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Effect of Osmopriming Sugar Beet Seed on Exudation and Subsequent Damping-off Caused by Pythium ultimum. R. M. Osburn, Former graduate research assistant, Department of Plant Pathology, University of California, Berkeley 94720, Present address: Gustafson, Inc., 1400 Preston Rd., Suite 400, Plano, TX 75075; M. N. Schroth, Professor, Department of Plant Pathology, University of California, Berkeley 94720. Phytopathology 78:1246-1250. Accepted for publication 20 April 1988. Copyright 1988 The American Phytopathological Society. DOI: 10.1094/Phyto-78-1246.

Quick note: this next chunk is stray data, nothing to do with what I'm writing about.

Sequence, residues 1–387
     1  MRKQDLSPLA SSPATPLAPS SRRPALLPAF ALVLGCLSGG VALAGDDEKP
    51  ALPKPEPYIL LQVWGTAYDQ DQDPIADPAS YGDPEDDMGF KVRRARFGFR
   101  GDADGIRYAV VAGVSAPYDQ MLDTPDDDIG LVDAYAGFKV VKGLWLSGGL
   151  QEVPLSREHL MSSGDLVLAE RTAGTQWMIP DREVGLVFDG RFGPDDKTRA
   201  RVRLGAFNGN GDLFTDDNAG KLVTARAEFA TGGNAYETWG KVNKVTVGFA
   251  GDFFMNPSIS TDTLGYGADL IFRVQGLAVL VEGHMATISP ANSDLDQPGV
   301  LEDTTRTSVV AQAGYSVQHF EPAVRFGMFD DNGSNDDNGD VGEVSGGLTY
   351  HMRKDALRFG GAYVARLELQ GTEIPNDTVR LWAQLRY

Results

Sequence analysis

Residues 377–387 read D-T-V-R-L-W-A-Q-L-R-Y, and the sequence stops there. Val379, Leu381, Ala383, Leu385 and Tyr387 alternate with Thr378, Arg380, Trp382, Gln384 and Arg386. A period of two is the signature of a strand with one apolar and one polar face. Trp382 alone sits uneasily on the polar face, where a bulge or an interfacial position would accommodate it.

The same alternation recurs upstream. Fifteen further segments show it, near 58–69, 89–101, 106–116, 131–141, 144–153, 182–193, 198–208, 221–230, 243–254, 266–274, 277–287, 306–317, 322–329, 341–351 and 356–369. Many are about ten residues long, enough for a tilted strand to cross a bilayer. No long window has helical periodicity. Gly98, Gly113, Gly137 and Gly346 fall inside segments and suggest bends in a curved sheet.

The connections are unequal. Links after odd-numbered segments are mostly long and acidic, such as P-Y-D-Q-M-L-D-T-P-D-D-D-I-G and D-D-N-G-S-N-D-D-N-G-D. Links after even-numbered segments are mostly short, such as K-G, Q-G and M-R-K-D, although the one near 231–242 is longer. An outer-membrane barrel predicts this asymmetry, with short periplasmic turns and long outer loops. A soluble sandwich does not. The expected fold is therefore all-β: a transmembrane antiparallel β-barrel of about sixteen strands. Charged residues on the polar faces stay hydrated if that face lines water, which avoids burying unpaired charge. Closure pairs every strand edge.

Control of preemergence damping-off of sugar beets, caused by Pythium ultimum, with NaCl- or polyethylene glycol (PEG)-osmoprimed seed planted in naturally infested field soil was related to a reduction of the rate and incidence of seed colonization by the pathogen. Incidence of colonization of untreated seed was 23.3 and 86.7% by 12 and 24 hr, respectively, whereas colonization of NaCl- and PEG-osmoprimed seed was reduced to 0 and 3.3%, respectively, after 12 hr, and 13.3 and 16.7%, respectively, after 24 hr. Reduced colonization by P. ultimum was related to decreased exudation from osmoprimed seed upon imbibition with water. The amount of carbohydrate exuded from NaCl- and PEG-osmoprimed seed was reduced 98.1 and 91.7%, respectively, after 60 min, and 41.5 and 55.0%, respectively, after 48 hr of incubation in water compared with untreated seed. The rate of exudation from osmoprimed seed over 48 hr was correlated with the rate of germination, whereas untreated seed did not germinate during the 48-hr incubation period. Disease reduction with NaCl-osmoprimed seed was nullified when the seeds were incubated in exudates before planting. Bacterial population densities of 108109 cfu ml1 occurred in the NaCl or PEG osmopriming solutions after 6 days of seed treatment, and residual population densities on seed were 104105 cfu seed1. The bacterial populations have potential to affect the incidence of damping-off. The incidence of damping-off with NaCl-osmoprimed bacteria-free seed was 2030% less than with unprimed seed, whereas reductions ranged from 2054% when bacteria were present on the primed seed.